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Skip to 0 minutes and 5 seconds The leader of a political party is a very important figure. They are the public face of the party, and their image will be closely associated with the party, and its success or failure will be attributed to them. Each party elects their leader in a slightly different way. Once a leader has been elected, they become the figurehead of the party, and their language and image are forensically examined by the press. It is the job of the leader to not only be the figurehead, but really to be the boss. They will have a very important voice in party affairs. Indeed, they may well be the only voice listened to depending on their power within the party.

Skip to 0 minutes and 40 seconds The legal will be tasked with determining the roles of others within the party. They will be expected to take a leading role in the election campaign for the party, touring the country and supporting the party candidates in each constituency. They will also inevitably be the central public figure of the party, participating in public debates, television and radio appearances, and any other media work to sell their policies to the public. This means that the ability of a leader to perform in front of the media has become more important over the course of the 20th century. The appearance of the leader is very important.

Skip to 1 minute and 13 seconds While the electorate like to believe that substance is more important than style, in reality style is crucial to a leader, and often how they look is more influential than what they say or even how they act. Margaret Thatcher had elocution lessons while conservative party leader and was advised on what style of clothes to wear. David Cameron had his face featuring prominently on the 2010 conservative party election posters, something which he was ridiculed for. Ed Miliband has been widely criticised over his appearance with some rather unkind comparisons made. To look like an effective prime minister, leaders will often surround themselves with advisors and press secretaries who can ensure that their public image is carefully crafted.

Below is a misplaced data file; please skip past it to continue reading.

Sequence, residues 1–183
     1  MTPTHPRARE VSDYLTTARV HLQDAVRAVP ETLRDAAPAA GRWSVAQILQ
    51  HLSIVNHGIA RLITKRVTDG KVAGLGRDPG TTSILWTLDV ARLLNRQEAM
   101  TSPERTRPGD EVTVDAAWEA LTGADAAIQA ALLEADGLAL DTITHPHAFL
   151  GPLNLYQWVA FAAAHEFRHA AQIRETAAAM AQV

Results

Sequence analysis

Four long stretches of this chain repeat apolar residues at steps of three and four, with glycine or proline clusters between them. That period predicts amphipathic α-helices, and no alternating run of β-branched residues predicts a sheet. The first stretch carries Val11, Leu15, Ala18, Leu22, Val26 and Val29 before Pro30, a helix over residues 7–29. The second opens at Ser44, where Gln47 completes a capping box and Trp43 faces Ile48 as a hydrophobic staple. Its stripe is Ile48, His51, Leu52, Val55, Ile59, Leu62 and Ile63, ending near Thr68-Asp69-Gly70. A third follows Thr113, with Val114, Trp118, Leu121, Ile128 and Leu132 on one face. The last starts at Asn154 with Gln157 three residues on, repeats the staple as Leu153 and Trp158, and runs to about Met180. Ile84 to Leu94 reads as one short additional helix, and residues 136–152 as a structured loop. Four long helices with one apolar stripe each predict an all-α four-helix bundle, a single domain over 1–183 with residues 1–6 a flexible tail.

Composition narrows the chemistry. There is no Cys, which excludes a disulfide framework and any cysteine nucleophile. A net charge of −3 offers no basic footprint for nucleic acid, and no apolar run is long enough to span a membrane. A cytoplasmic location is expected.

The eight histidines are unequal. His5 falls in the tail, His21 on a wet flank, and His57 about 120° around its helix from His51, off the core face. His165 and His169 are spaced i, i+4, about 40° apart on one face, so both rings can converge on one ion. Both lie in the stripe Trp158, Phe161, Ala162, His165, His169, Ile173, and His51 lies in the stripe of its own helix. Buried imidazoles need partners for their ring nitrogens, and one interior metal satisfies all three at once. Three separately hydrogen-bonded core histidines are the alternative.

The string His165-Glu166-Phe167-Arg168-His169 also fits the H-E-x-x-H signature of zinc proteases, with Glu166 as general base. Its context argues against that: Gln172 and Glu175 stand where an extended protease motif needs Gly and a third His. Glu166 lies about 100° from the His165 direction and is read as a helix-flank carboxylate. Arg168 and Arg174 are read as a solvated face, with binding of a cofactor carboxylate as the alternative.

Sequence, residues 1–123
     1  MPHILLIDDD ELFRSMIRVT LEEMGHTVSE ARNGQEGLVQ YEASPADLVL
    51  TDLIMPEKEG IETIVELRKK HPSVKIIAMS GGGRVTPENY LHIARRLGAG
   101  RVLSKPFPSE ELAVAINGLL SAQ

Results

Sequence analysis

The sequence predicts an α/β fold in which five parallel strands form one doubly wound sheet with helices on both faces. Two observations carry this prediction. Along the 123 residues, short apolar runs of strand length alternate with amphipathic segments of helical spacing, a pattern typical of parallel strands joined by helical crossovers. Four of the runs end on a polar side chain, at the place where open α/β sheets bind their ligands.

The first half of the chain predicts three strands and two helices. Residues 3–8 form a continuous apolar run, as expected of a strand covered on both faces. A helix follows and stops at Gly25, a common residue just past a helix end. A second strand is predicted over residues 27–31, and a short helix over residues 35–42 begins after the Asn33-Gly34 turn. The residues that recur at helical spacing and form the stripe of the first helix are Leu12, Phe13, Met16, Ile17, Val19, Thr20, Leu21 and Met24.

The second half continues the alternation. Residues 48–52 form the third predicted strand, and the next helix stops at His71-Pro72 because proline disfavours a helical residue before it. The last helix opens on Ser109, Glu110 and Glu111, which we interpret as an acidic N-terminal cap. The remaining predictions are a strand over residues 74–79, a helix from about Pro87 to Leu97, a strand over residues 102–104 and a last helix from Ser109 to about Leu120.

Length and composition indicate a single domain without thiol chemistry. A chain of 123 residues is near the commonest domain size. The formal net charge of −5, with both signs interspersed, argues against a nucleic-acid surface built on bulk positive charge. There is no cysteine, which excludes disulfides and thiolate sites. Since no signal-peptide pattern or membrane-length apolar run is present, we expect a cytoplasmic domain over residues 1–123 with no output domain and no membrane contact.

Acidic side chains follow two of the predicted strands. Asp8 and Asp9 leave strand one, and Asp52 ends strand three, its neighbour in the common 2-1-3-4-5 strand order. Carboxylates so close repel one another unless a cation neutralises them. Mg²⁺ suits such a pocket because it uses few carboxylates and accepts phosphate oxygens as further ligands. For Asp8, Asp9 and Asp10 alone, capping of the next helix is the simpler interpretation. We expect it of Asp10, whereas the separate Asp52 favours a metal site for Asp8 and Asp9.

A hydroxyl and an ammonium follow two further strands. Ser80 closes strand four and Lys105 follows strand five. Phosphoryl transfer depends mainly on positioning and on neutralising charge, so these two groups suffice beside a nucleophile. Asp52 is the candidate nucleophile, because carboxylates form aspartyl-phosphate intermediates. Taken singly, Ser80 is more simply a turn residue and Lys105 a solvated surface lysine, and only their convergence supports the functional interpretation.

Skip to 1 minute and 57 seconds They will wish to appear powerful, but in touch with the issues affecting the electorate. They will want to appear able to work with their colleagues, but in a role of a leader, a presidential figure rather than one amongst equals. This is something which has gradually changed over the course of the 20th century. Prime Ministers, such as Attlee, between 1945 and 1951 were very much seen as being leaders, but also one of many within the cabinet. Thatcher in contrast was very much portrayed as a singular figure with immense power. In the cases of Attlee and Thatcher, their public images seem to have been a fairly accurate depiction of real life.

Skip to 2 minutes and 30 seconds The key role of a leader is to be a central point. They should know the general detail of what every spokesman or cabinet member is doing, not the minutiae of policy, but the general elements. This puts them in a powerful position as the only person who can see the whole picture rather than just some elements of it. This level of knowledge also allows them to be a powerful spokesman for the party, and their role as leader gives each policy or individual that they speak up for an additional level of credibility. A good leader will be invaluable for their party, gathering support and being the public face of the party.

Skip to 3 minutes and 4 seconds A poor leader will be a constant source of worry for the party elite, and their lack of power and influence will weaken the party, unless they manage to turn their public image around very quickly.

What do leaders do?

The party leaders will be hard to escape during the election campaign. But where does their power come from, and how has the nature of political leadership in the UK changed over time?

In this video, Victoria describes the key functions of party leaders. She explores how leaders are chosen and their importance as the public face of their party and spokesperson for its policies.

The party leader’s role as figurehead and the close scrutiny they receive from the media means they need to be excellent performers in front of the cameras. But as Victoria shows, to be successful leaders must also manage their party effectively and be able to see the big picture of their party’s policies and political objectives.

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Election 2015 for AS Level Politics

University of Leeds

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